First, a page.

Bernice & Edward Cross
Bernice was born in Maryland but came to Newton Hook when she was three months old. Her family went back and forth to Maryland to recruit workers. Her father worked at Atlas Cement.
She stayed mostly with her Grandmother, Alberta Lynch, who had a boarding house with 50 to 75 people who worked at the Brickyards. She cooked three full meals a day, like ham and cabbage for supper, for shift workers. The stove was a wood stove that Bernice and her uncle kept filled with wood so the fire would be hot all day. They learned to cook without a thermostat.
Bernice doesn’t use cookbooks; she only cooks from memory. Fried chicken is what people like best. Bernice gave instructions for making fried chicken: first clean the chicken, then soak it in salt and water, then dip it in flour and bread crumbs, and add salt, pepper, and paprika. Always put a pat of butter or margarine in the grease in the pan. Put the bone side down first, then the skin browns crispy quickly. The family hunted and cooked game; pheasants, venison, and partridge.
Her father was a chef for big restaurants in D.C. His specialty was opening clams and oysters. He taught Bernice to make Dutch chocolate, vanilla, strawberry or peach ice cream with milk, cream, eggs, and sugar, just like custard. The ice came from the ice man. They chopped it and the kids cranked (churned) the machine that had a layer of ice then a layer of rock salt which melted the ice to keep it cold. Kids got to eat the ice cream that came out with the dasher. The dasher had blades and was in the center of the churner. The ice cream could be preserved as long as you kept it packed in ice and blankets.
The delivery man for milk came from Stuyvesant, and there were the peddlers like the rag man, the umbrella man (who fixed broken umbrellas), the knife sharpener with a pushcart, and the fish man who came to the Brickyards every Friday morning. The bakery shop was on Warren Street. Charlie from Athens came across the Hudson River with a wagon filled with vegetables three or four times a week. Bernice made homemade bread, canned corn from fresh corn that cost 15 cents a dozen, and cooked fresh tomatoes to make chili sauce being very careful of botulism. She also still makes a special potato salad with pickles, olives, celery, shredded eggs, a carrot, a bit of onion, salt, pepper, vinegar and two kinds of mayonnaise.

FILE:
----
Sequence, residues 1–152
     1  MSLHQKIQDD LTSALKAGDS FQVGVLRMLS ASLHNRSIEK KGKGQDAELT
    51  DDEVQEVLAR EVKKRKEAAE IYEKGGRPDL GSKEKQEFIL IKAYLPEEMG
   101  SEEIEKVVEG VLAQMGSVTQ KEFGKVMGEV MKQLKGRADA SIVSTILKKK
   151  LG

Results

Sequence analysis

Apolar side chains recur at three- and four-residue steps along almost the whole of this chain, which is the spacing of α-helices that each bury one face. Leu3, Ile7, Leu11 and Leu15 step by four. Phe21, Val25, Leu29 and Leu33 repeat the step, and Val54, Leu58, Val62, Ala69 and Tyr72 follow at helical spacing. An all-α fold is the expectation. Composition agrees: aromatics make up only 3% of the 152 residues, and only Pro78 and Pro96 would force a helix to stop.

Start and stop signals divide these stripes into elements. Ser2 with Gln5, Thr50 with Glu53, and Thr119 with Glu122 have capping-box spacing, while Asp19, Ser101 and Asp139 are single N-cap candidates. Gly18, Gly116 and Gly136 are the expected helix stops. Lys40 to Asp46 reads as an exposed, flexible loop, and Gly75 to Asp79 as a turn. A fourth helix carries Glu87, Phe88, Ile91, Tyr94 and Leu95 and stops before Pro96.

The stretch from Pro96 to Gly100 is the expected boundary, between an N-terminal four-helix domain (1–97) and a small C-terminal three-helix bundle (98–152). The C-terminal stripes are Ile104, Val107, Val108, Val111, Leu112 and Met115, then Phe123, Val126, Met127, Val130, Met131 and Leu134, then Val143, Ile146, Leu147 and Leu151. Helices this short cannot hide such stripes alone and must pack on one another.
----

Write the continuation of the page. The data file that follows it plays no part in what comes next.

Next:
Edward and Bernice met in the late 1920s. If you went on a date you could go to an ice cream parlor or a show or to Promenade Hill. With Edward they sat in the “peanut gallery” at Rialto. The Rialto, The Strand, and The Playhouse had live vaudeville shows with dancing, magic, singing. Women were not allowed in bars or allowed to go out on Saturday nights, only men. Edward once witnessed a fatal stabbing on First Street. He was not a fighter but he hung out with older men and then got into gambling. Growing up they had horses that pulled wagons and carts, or surreys for Sundays. Edward's father had horses and a mule.
Edward worked at the Brickyards and described the big kiln that baked the bricks. Red paint was mixed in with the mud and put into big molds. Thousands of bricks would go into the kiln at a time. They would daub the kiln with mortar to keep it tight so the heat stayed inside. Heat must go through the bricks, which could take days. Barges then took them from the Brickyards to New York City and points north too.
When Bernice worked for “Old” Dr. Whitbeck at 363 Allen Street, one day his son Giffy Whitbeck came in with a bunch of boys showing off by bossing her around. Bernice told the parents about his behavior. Otherwise she said discrimination/racism never really personally happened.
Bernice and her son David were working at 110 Greene Street for Lindsay Whitbeck. They were listening to As the World Turns, when they heard about assassination of JFK. They cried. Edward was coming back from Albany and heard it on the radio and pulled to the side of the road. They thought it was the saddest thing ever heard. She also remembers the day when Lee Harvey Oswald was killed. Bernice had a bar when she heard about the Martin Luther King, Jr. assassination. They didn’t pay much attention to crime when they were young. Bernice’s uncle did have a radio but only one person at a time could listen because it required headphones.
Bernice remembers the Day Line from NYC to Albany where you could dance, drink, or have a picnic lunch at Kingston Point. The Italian church did fireworks for the Fourth of July and they had a carnival. The kids had roman candles, sparklers, snakes that could be bought at the stores. There were Five and Dime stores like Newberry’s, Kresge’s, and Woolworth where you could buy everything. Hudson Dept. Store was near Bruno’s Shoe repair. Marsh’s was for the rich. Hats were always worn for Church. Kate Martin made custom hats. Moe Livingston owned a custom hat place for men. Edward wore straw hats years ago and still wears them now.
Marcella Mary Kane Schneider Beigel (Marcella Beigel) was the RSVP Director and originator of the BLACC Oral History Project. She moved to the Columbia County area at the age of 60 and was involved in many civic projects in Columbia County. She believed in the importance of the area’s black history and enlisted seniors to cull old newspapers as well as interview local residents in order to gather information on this history. She also was instrumental in creating a curriculum guide for local schools of the history that gathered in this collection.